“Transfer prices are still quite high when you look at Cristiano Ronaldo joining Juventus for £105m and Alisson joining Liverpool for £67m. For a Premier League club you don’t see many deals between £5m-£7m unless it’s a January deal to get out of their contract or something like that.”

One deal that has generated some surprise this summer has been Richarlison’s £40m move from Watford to Everton.

The 21-year-old joined Watford for around £11.5m last summer and his form in his debut season dipped after an encouraging start. However, at Everton he will be playing under the manager who signed him at Watford – Marco Silva.

“The key insight for that would be that he has worked with the manager before so he knows about him and what he can bring to the team,” says Webb.

“He did well under Marco Silva and seemed to have belief and confidence, and then when he left his form dipped. It looks like the fee would be down to the manager’s belief in him.

“There could have been previous bids but Watford were set on what they wanted for the player.

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“From a recruitment point of view it could be a gamble but from the manager’s point of view he knows him and what he can bring to his environment, so this might have been his call. He knows how to get the best out of him.”

Reflecting on his experiences at Tottenham and Bournemouth, Webb said: “All clubs do things differently but at Tottenham due diligence was key because someone like Mauricio Pochettino demanded quite a lot from the character in the dressing room. It was the same with Eddie Howe.

“You would always have to do a lot of homework in terms of where you are on players, especially overseas players, to see if they fit in your environment. You do your tick boxes, you do the football, then the value, then you weigh up all the pros and cons and see if it is something worth pursuing.”

When trying to decide on a fee, there’s also the “settling-in factor” if a player is coming from abroad.

Webb says: “You don’t know how he is going to settle and from a recruitment perspective you have to do due diligence and your homework and make sure he fits in with what you want on the footballing side and then make sure you have enough background information on what he has done in previous seasons, what his character is like, to give you an indication of how he will adapt.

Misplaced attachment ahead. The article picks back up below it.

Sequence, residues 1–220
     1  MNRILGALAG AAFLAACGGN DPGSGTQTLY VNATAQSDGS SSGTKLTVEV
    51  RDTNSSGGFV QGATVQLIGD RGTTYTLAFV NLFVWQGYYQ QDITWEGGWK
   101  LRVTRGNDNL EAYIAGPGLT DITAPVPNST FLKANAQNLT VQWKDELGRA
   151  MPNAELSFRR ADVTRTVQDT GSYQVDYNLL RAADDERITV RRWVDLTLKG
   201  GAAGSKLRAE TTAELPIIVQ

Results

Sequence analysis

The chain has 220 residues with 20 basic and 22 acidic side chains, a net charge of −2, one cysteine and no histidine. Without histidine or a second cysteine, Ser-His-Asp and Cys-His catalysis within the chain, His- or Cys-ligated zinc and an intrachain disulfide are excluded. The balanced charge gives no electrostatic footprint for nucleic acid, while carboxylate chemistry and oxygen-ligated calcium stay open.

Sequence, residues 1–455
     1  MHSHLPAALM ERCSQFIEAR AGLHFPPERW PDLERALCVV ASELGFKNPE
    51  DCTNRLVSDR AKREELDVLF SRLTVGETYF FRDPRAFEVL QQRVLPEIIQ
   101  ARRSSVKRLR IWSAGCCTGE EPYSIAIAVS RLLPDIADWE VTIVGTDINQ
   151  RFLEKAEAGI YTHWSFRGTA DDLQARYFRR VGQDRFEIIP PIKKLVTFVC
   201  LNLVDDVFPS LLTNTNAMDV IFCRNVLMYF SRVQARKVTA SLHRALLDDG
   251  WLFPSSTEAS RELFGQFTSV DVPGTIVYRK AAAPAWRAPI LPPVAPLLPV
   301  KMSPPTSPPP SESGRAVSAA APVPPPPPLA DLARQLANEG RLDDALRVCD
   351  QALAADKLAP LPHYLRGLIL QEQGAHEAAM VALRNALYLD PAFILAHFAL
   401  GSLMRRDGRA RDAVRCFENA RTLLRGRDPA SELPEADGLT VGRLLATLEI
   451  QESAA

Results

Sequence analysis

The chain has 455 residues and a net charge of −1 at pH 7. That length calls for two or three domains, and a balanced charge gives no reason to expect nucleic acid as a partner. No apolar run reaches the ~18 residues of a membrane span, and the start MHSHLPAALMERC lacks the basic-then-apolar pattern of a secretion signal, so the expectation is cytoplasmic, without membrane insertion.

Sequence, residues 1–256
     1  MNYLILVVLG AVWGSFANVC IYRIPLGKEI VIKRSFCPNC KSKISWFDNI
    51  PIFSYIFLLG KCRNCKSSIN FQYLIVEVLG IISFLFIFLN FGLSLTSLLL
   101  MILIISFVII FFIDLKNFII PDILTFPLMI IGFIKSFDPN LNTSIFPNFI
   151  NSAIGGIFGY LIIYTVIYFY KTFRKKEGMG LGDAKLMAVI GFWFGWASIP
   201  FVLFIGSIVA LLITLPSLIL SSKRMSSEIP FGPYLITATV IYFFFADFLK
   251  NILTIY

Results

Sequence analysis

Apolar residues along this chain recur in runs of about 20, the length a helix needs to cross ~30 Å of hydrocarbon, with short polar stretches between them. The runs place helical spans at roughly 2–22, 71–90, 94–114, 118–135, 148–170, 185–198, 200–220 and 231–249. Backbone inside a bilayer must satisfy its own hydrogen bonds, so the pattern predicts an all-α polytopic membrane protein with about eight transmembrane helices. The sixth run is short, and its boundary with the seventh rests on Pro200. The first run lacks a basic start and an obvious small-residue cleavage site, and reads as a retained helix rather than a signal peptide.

“You don’t want to pay £10m for someone who potentially won’t fit.”

The manager – Sean Dyche

“The bar got set high early this year.”

Burnley have been one of the lowest spenders in the Premier League over the last few years and have been frustrated in their attempts to strengthen their squad this summer.

They have seen offers for West Brom duo Craig Dawson and Jay Rodriguez turned down and have pulled out of a potential move for Swansea’s Sam Clucas.

Manager Sean Dyche told Sky Sports News that James Maddison’s £24m switch from Norwich to Leicester on June 20 has affected the market this summer.

“There’s lot of different changes in the market every window it seems,” he said. “The bar got set high early this year with the first domestic transfers; Maddison going to Leicester pushed the boundaries and then it’s a knock-on effect and everyone wants everything they can get. It does make it difficult but it’s not new to us.

“All clubs hold in a shape of waiting and waiting to push the margins, it’s as simple as that, because clubs that get money in know they have to put it back out there. It’s tough for everyone.”

Even though the window is closing earlier this year, business has still not been done until late, with the Clarets yet to sign a single player.

“Everybody knows it’s coming so clubs are holding and holding,” added Dyche.

“From a football point of view it’s right, because you should have your players in the camp for the start of the season, but from a business point of view, if it was like the old days and you could do it all year clubs would have to sell at any given time, now they know it’s coming so they wait and wait and push and push to maximise every drop.”